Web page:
In the RMSF diagram, the average fluctuation during the whole simulation process is shown for each atom. Higher RMSF values indicate more instability of the system and hence, better prevention of α-synuclein amyloid formation by monolayers.81,91–94 The RMSF curves of α-synuclein proteins in the presence and absence of each monolayer are shown in Figure 9. A comparison of the curves reveals that all monolayers increase RMSF values, while N-Graphene and graphene cause the most instability.Furthermore, to compare the effectiveness of each monolayer, the average RMSF values are shown in Table 6, which shows the highest value for N-Graphene, followed by graphene, P-Graphene, and BCN. It can be concluded that N-Graphene has the highest potential can prevent amyloid fibrillation more effectively by disrupting the stability of the system.
Table 6 Average RMSF Values of α-Synuclein Protein Atoms in the Presence of Each Monolayer
Figure 9 RMSF values of α-synuclein protein versus the simulation time in the presence of (A) Graphene; (B) N- Graphene; (C) P- Graphene; (D) BCN; (E) Without monolayers.
Evaluating the Contact Area of α-Synuclein Molecules
Amyloid formation increases if α-synuclein proteins are in close contact. So, the contact surface of α-synuclein proteins indicates the probability of amyloid formation. SASA is an essential parameter for evaluating the contact surface of biomolecules.95–97 In order to analyze the effects of monolayers on preventing amyloid fibrillation, SASA values have been calculated, and the contact area of α-synuclein proteins plotted as a function of time (Figure 10 and Table 7), which shows that N-Graphene has the least values of the contact area.
Table 7 Average Values of Contact Area for α-Synuclein Proteins During the Simulation in the Presence of Each Monolayer
Figure 10 The contact area of α-synuclein proteins versus time in the presence of (A) Graphene; (B) N- Graphene; (C) P- Graphene; (D) BCN; (E) Without monolayers.
Table 7 shows the average contact area of α-synuclein proteins during the simulations. The values of the table reveal that although all monolayers reduce the contact surface of α-synuclein proteins and disrupt amyloid formation, the most desirable effect is seen in the simulation of N-Graphene, followed by graphene, P-Graphene, and BCN.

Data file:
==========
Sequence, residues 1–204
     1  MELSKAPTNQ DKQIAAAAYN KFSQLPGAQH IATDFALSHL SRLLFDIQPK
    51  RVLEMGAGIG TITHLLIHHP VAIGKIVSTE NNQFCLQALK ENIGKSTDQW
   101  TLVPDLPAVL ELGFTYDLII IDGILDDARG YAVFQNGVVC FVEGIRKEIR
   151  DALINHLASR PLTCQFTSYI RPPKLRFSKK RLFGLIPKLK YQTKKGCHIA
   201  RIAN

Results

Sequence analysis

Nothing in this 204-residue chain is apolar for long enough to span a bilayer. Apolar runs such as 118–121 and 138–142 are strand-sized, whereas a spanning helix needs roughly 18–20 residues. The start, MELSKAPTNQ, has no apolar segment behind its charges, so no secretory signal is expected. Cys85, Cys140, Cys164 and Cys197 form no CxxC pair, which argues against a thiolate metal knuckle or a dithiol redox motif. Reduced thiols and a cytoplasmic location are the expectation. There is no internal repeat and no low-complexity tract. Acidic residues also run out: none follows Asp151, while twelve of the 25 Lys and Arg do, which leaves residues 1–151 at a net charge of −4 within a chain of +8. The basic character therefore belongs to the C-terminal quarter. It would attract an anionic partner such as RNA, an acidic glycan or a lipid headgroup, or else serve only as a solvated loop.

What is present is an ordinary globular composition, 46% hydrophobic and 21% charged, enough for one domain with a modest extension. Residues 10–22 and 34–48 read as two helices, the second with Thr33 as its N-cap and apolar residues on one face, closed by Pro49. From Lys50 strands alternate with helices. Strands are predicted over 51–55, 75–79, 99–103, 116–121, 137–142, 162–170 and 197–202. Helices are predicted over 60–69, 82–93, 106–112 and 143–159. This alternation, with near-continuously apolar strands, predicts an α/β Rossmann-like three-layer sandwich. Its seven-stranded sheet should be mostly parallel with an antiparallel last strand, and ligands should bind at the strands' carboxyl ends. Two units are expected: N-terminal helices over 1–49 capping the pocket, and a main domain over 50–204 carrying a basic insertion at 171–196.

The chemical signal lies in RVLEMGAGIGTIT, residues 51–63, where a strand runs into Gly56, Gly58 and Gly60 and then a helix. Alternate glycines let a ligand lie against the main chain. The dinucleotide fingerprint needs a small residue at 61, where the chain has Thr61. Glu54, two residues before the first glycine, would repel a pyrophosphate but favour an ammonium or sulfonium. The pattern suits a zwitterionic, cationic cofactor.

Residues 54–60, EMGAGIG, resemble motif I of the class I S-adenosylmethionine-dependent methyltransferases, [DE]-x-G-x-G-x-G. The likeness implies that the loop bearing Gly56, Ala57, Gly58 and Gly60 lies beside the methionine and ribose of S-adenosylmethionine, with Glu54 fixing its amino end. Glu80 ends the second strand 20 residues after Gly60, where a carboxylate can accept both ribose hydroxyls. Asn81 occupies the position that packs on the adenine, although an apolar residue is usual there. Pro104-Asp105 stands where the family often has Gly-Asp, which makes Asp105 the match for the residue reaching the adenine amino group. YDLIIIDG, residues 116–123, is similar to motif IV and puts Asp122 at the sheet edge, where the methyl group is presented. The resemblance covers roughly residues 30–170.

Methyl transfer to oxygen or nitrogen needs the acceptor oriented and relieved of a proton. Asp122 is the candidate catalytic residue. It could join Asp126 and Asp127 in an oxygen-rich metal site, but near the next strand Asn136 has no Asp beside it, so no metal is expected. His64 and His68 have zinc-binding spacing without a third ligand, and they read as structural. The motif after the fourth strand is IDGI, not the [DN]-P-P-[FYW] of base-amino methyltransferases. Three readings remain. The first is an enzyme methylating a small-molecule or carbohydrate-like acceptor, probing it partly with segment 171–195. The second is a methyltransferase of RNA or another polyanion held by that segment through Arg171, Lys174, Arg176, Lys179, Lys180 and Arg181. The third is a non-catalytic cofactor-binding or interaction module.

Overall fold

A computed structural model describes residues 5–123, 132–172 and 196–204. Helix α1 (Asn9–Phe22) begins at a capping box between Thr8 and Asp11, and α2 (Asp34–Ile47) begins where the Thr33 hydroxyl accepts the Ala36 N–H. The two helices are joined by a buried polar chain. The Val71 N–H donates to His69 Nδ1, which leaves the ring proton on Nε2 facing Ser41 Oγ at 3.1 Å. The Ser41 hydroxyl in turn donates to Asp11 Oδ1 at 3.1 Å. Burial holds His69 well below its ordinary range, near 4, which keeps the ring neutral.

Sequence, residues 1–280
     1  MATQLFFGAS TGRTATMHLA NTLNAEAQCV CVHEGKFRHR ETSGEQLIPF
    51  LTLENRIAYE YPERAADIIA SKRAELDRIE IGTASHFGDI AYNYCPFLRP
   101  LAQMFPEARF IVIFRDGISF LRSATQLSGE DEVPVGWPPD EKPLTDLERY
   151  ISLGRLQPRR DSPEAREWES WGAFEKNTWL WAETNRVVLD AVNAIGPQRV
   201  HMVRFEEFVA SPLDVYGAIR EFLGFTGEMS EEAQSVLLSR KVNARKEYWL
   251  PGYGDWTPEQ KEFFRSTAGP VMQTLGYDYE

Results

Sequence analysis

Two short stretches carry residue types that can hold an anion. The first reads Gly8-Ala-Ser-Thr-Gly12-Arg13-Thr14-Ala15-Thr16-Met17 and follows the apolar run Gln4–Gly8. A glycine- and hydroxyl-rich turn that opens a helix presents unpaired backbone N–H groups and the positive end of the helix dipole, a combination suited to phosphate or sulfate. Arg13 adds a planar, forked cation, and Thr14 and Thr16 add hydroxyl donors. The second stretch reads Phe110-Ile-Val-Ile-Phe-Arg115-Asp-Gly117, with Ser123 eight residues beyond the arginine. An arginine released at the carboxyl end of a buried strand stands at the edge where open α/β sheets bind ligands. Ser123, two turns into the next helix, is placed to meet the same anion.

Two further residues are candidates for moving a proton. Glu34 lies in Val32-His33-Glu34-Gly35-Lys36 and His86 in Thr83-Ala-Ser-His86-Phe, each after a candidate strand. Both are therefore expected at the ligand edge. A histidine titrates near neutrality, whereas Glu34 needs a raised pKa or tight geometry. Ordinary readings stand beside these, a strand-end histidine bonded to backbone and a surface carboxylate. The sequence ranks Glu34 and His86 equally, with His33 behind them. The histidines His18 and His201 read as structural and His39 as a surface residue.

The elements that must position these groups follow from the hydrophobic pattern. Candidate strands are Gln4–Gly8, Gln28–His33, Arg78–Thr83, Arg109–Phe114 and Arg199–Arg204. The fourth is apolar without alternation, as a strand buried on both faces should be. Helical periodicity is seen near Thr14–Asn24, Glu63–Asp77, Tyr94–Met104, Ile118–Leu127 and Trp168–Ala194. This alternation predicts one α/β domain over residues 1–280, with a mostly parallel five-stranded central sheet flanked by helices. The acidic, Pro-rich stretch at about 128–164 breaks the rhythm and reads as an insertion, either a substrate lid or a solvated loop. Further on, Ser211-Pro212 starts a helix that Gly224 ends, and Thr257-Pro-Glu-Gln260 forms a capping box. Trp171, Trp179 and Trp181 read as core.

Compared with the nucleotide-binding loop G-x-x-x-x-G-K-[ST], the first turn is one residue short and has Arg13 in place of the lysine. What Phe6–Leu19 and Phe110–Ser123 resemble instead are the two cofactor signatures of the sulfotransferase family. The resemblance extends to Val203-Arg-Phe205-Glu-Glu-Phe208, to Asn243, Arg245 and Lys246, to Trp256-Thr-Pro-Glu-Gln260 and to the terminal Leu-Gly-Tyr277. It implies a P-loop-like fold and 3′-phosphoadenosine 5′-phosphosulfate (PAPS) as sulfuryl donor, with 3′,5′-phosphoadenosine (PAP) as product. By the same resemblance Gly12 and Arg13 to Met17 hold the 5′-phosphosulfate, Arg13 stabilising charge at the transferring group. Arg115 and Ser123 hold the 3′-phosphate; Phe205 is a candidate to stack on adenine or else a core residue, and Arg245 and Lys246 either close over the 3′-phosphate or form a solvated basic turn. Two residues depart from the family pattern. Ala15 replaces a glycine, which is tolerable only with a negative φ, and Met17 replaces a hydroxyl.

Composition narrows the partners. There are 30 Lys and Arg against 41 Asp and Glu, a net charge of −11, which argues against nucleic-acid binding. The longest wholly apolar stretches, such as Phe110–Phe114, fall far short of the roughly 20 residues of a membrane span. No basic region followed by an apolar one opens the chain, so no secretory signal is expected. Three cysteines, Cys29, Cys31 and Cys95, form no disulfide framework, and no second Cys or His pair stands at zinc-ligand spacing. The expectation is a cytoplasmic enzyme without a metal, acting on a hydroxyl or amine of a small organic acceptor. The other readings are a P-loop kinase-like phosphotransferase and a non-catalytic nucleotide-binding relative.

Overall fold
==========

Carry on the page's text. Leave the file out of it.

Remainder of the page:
Mohammad-Beigi et al19 simulated the molecular dynamics of graphene polyglycerol and amyloid in water. Ultimately, as a validation of the algorithms used in this paper, an additional simulation of the van der Waals energy of interactions between graphene polyglycerol and α-synuclein proteins have been performed with conditions identical to a previously published study by Mohammad-Beigi et al.19 The results are shown in Figure 11 and indicate that the values of the curve produced by this paper and Mohammad-Beigi et al19 posses similar results.
Figure 11 Comparison of the values of VDW between the α-synuclein protein and Graphene polyglycerol versus time in two different studies; black curve: the current study; red curve: the previously published study of Mohammad-Beigi et al.19
Alpha-synuclein proteins can aggregate and rise to oligomers, amyloids, and Lewy bodies, which is a vital sign of Parkinson’s disease pathophysiology. Preventing this pathological cascade has been the target of many conducted studies so far. In this study, the effects of four graphene-based nanostructures on preventing α-synuclein amyloid formation were investigated. For this purpose, important parameters involved in the interactions of α-synuclein proteins with themselves and with the monolayers were analyzed. Ultimately, it was concluded that, although all monolayers changed the evaluated parameters in the way which helps in the prevention of α-synuclein amyloid formation, the most significant results were reported for N-Graphene and graphene. N-Graphene and graphene are the most effective particle for the prevention of amyloid fibrillation and hence, ceasing the progression of Parkinson’s disease.
Such results could have important implications in the future of Parkinson’s disease treatment. For such a purpose, small-scale computational studies must be followed by gross-scale simulations in which more variables and factors are being considered as part of the simulation process. The clinical implementation of such a potential treatment option for Parkinson’s disease undoubtedly requires experimental in-vitro analyses followed by animal studies which would be strongly suggested by the authors of this paper. Ultimately, the results of such experimental studies must be put into a series of single or double-blind clinical trials in which already-proven effective nanomaterials could be administered as therapeutic agents or used as carries for conventional medications of Parkinson’s disease.
The authors report no conflicts of interest for this work.